Stationary fume extraction units offer distinct benefits, particularly for high-intensity welding operations. However, these advantages must be weighed against certain drawbacks, depending on the unique requirements of each facility.

Advantages of Stationary Fume Extraction Units

  1. Superior Power and Extraction Capacity: Stationary units have larger motors and are more powerful, which allows them to handle higher volumes of fume extraction. This makes them ideal for continuous, heavy-duty welding operations. They can also provide a higher vacuum than their portable counterpart, which is beneficial when working with fume extraction MIG guns.
  2. Multi-Point Extraction: With greater power and capacity, stationary units can service multiple welding stations simultaneously. This is achieved by connecting the unit to a network of ducts and fume extractors, which can be strategically placed at various points of fume generation. With automatic vales, we have designed stationary systems servicing over 100 welders.
  3. Durability and Longevity: Stationary units are designed for robust, long-term performance. Their heavy-duty construction can withstand the rigors of continuous operation, often with less wear and tear compared to mobile units. It also means less maintenance for the vacuum and dust collection units, which often have efficient automatic cleaning systems.

Limitations of Stationary Fume Extraction Units

  1. Immobility: The most apparent limitation of stationary units is their lack of mobility. Once installed, they can’t be easily moved or relocated. This can be a disadvantage in facilities where welding operations frequently change location.
  2. Higher Initial Investment: Stationary units typically come with a higher upfront cost than mobile units, including the cost of the unit itself and installation (electricity, ductwork).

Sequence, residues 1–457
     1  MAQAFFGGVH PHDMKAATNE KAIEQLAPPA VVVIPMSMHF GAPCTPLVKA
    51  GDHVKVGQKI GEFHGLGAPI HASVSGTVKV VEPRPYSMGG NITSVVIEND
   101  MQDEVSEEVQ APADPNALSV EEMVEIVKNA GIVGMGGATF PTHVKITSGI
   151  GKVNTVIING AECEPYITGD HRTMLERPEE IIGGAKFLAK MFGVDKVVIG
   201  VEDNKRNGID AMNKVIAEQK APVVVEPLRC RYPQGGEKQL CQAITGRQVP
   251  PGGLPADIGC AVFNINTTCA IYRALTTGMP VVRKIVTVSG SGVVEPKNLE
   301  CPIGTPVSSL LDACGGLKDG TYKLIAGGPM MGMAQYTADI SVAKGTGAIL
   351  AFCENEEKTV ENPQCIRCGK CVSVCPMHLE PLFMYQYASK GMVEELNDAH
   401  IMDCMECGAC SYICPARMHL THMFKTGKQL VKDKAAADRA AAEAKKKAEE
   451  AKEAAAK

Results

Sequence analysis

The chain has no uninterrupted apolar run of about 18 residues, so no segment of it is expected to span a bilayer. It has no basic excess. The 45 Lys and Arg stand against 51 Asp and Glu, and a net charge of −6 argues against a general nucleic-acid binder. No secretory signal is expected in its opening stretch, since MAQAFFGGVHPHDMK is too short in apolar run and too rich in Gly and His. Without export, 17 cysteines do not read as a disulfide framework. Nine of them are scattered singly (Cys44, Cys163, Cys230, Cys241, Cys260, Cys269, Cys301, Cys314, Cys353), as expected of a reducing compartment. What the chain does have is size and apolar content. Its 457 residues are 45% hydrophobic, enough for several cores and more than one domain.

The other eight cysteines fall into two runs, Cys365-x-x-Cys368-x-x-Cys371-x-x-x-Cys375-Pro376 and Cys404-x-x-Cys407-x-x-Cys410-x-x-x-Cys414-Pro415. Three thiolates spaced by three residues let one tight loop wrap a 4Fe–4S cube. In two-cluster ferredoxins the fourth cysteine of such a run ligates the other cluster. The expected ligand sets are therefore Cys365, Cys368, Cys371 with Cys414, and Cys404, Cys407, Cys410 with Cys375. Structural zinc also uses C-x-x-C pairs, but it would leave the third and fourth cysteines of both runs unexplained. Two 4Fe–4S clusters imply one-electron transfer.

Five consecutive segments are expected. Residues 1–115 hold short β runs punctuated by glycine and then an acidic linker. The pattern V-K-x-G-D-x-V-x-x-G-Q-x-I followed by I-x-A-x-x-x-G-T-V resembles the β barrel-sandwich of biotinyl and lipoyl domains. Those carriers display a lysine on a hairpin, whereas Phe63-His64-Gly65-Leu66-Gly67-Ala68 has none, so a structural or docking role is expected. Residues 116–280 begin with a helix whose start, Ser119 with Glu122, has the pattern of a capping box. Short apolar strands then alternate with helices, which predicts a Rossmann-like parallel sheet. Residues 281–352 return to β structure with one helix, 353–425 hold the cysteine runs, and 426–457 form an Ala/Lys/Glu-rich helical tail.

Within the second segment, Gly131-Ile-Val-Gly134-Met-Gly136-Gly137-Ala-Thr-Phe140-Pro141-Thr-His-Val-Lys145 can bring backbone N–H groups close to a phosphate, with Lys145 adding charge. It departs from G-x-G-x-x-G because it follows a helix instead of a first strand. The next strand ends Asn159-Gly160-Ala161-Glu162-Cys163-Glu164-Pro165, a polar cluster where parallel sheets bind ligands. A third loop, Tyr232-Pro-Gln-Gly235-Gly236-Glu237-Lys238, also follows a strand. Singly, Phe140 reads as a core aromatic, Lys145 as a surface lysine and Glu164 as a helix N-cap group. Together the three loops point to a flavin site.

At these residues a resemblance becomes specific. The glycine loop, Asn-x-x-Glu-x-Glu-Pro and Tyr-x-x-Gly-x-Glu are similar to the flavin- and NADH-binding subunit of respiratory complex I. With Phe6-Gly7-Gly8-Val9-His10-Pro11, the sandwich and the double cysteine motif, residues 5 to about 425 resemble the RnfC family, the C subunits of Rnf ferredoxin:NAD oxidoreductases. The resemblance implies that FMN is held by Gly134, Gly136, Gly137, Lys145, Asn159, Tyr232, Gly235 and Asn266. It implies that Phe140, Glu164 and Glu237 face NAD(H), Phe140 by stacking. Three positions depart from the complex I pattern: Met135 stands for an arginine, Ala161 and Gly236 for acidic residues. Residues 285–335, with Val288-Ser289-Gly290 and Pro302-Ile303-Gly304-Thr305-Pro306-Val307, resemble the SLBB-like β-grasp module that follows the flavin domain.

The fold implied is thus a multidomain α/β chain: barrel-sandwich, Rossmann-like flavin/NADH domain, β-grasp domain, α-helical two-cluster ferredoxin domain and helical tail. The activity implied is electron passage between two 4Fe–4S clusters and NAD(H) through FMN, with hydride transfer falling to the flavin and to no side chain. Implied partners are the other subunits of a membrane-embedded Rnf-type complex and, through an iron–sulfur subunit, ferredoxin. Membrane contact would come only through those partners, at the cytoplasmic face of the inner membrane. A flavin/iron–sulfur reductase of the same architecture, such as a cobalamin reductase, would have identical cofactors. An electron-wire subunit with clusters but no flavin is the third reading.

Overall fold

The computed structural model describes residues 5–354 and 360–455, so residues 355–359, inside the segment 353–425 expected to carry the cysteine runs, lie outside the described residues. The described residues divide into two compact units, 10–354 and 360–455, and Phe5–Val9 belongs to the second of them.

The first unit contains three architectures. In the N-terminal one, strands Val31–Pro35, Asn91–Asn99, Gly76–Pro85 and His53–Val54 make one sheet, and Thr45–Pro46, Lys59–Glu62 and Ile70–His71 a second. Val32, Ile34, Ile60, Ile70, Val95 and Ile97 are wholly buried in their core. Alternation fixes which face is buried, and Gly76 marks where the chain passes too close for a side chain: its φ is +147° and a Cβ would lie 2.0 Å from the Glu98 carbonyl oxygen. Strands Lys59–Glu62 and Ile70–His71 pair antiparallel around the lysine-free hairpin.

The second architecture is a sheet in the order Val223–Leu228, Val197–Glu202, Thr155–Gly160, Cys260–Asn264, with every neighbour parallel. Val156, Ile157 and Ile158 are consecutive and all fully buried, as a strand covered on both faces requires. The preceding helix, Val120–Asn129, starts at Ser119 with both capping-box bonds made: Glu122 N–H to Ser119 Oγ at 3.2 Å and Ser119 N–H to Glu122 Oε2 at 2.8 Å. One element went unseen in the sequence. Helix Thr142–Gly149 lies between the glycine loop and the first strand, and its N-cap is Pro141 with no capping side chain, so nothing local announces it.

3. Complex Installation: Installing a stationary unit is more complicated and time-consuming, often requiring professional help. Factors like power requirements, ductwork planning, and space allocation must be considered. Unlike a portable unit which tends to be a plug-and-play situation, a central system requires a lot of planning and engineering.

Understanding these pros and cons is crucial for businesses when deciding on the type of fume extraction unit that best suits their operations. Each situation is unique and requires a thorough evaluation of specific needs and conditions.

7 Key Factors to Consider When Choosing Between Mobile and Stationary Units

Choosing between mobile and stationary fume extraction units is not a one-size-fits-all decision. Several factors need to be considered to select the system that best suits the specific needs of a facility:

  1. Layout of the Workspace: Consider the physical space where the welding occurs. A mobile unit may be the best choice if the workstations are spread out or frequently change locations. Conversely, a stationary unit may be more appropriate if welding is performed in a dedicated, fixed location.
  2. Size of the Workspace: Portable units take more floor space and must be placed at each workstation which can be an issue, especially for bigger powerful ones.
  3. Type of Welding Operations: The nature of the welding tasks plays a crucial role. If the welding operations involve heavy-duty, continuous work with high fume production, a stationary unit’s larger capacity might be necessary to provide the required performance. On the other hand, for sporadic or light-duty welding tasks, a mobile unit may suffice.